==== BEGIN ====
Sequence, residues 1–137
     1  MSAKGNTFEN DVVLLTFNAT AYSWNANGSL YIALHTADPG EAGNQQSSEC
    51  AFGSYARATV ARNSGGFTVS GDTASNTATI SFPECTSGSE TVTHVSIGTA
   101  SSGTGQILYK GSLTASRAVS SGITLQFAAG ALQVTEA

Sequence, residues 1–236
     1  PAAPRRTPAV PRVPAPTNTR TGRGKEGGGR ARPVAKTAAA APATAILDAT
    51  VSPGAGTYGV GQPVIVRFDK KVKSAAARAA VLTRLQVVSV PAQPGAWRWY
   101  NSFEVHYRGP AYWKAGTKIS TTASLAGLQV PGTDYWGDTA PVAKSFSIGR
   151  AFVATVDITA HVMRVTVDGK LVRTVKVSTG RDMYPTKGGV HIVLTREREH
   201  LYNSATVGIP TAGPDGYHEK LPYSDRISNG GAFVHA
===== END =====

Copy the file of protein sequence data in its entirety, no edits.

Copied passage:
Sequence, residues 1–137
     1  MSAKGNTFEN DVVLLTFNAT AYSWNANGSL YIALHTADPG EAGNQQSSEC
    51  AFGSYARATV ARNSGGFTVS GDTASNTATI SFPECTSGSE TVTHVSIGTA
   101  SSGTGQILYK GSLTASRAVS SGITLQFAAG ALQVTEA

Sequence, residues 1–236
     1  PAAPRRTPAV PRVPAPTNTR TGRGKEGGGR ARPVAKTAAA APATAILDAT
    51  VSPGAGTYGV GQPVIVRFDK KVKSAAARAA VLTRLQVVSV PAQPGAWRWY
   101  NSFEVHYRGP AYWKAGTKIS TTASLAGLQV PGTDYWGDTA PVAKSFSIGR
   151  AFVATVDITA HVMRVTVDGK LVRTVKVSTG RDMYPTKGGV HIVLTREREH
   201  LYNSATVGIP TAGPDGYHEK LPYSDRISNG GAFVHA